Financial Health & Behavioral Change

48% of FinFit members reported that they spend equal to or more than their income. This is on par with the national comparison – 47% of all Americans.

Why This Matters

When spending exceeds income, Americans overwhelmingly turn to credit to make ends meet. From the U.S. Financial Health Pulse2, we know that among respondents who said their spending exceeded their income in the last 12 months, 43% said they used credit to make ends meet and 10% said they drew upon non-retirement savings.

The relationship between spending more than income and relying on debt to make up the difference maps with what we found in FinFit’s assessment results. When members were asked about their monthly debt load:

of all members responded that they do not have debt. 50% of the healthy population fall in this category 17% of the coping population fall in this category 3% of the vulnerable population fall in this category of all members have a bit too much debt. 1% of the healthy population fall in this category 20% of the coping population fall in this category 49% of the vulnerable population fall in this category of all members have a manageable amount of debt. 49% of the healthy population fall in this category 58% of the coping population fall in this category 13% of the vulnerable population fall in this category of all members have far too much debt. 0% of the healthy population fall in this category 5% of the coping population fall in this category 35% of the vulnerable population fall in this category

It is clear from analyzing FinFit data that those who are coping and vulnerable are spending more than their income and are relying on debt to manage their finances (especially compared to those who are healthy). This reliance on debt can often lead individuals to fall into debt traps, which makes it difficult to regain balance and control of one’s finances. Additionally, it is the main reason individuals give in the U.S. Financial Health Pulse research for why they are unable to save for retirement. Therefore, the link between unhealthy spending behaviors and unmanageable debt loads is highly correlated and can often prevent people from planning – and saving – for the future.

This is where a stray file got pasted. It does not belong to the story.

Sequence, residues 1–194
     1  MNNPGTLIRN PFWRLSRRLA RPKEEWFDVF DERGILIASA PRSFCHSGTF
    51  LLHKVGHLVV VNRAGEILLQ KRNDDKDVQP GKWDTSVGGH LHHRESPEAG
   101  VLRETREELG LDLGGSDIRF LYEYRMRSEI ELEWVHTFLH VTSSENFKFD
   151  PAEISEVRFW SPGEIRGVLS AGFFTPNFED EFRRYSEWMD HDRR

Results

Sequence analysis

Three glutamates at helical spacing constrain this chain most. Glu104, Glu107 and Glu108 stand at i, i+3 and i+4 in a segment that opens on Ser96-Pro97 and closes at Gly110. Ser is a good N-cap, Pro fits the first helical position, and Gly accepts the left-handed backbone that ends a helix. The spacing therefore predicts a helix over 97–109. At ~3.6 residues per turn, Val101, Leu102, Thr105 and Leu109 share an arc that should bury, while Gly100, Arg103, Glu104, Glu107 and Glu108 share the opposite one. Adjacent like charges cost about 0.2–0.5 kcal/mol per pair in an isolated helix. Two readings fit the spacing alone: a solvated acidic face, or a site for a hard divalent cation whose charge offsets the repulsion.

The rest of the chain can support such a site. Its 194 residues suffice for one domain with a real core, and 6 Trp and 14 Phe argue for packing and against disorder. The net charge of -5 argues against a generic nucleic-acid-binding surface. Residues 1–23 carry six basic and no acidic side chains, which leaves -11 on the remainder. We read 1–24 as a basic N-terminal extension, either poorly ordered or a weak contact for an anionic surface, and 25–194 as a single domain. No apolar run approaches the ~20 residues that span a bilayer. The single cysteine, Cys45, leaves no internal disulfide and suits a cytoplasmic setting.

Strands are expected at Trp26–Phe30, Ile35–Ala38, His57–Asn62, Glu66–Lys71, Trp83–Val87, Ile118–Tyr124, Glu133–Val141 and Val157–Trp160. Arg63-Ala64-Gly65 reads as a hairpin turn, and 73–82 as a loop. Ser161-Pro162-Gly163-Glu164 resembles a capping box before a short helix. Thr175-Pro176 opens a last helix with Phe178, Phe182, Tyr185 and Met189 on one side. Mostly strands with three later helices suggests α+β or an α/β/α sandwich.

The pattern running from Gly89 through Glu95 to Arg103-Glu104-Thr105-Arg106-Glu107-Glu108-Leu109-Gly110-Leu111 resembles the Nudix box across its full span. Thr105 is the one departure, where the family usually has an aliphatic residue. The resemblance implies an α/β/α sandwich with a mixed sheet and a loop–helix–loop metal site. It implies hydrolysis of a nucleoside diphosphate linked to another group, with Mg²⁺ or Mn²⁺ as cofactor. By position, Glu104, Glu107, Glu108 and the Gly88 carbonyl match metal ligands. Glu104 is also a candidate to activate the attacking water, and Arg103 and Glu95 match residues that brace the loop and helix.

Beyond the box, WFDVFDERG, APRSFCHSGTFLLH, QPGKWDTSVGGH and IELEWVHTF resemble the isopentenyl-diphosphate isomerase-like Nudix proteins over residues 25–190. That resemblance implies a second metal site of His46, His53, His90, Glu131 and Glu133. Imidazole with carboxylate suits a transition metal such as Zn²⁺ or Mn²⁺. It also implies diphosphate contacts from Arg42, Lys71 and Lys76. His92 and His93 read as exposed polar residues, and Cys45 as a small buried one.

Additional findings from FinFit’s assessment results demonstrate the issue is largely behavioral, not solely a matter of resources:

31% of the vulnerable participants make over $50,000 per year
27% of the vulnerable participants are over the age of 45
88% of the vulnerable participants recognize they have too much debt
38% of the vulnerable participants believe their most important financial goal in the next 12 months is to take a vacation

Defining & Measuring Financial Health: Saving & Planning Data Spotlight

While spending, borrowing, and planning are three of the four pillars FinFit uses to assess a person’s financial health, the final pillar – saving – is the one most people struggle with day-to-day. Therefore, the second data spotlight focuses on short-term savings habits.

“My savings could not cover 3 months living expenses if I lost my main source of income.”

40% of FinFit members reported that they have less than 3 months saved, compared to the national average of 45%.

40% of FinFit members reported that they have less than 3 months saved, compared to the national average of 45%.

Why This Matters

The importance of short-term savings on an individual’s overall financial health cannot be overstated. It is often the unplanned medical bill, car breakdown or urgent roof repair that drive the decision to take out a high-interest loan, turn to a payday lender, take money from long-term savings accounts (college or retirement) or fall further into credit card debt.

In addition, we know from the U.S. Financial Health Pulse that low savings balances obscure the fact that many Americans are saving when they can:

Financial Health & Behavioral Change: of respondents with savings accounts said they are saving regularly or whenever possible. of those who report cash savings are adding to those savings regularly or whenever possible. of those with savings in other vehicles (mutual funds, money market accounts, stocks, CDs, annuities) are saving regularly or whenever possible.

Based on the FinFit assessment results, an overwhelming majority of members identified the following as their top financial goals over the next 12 months: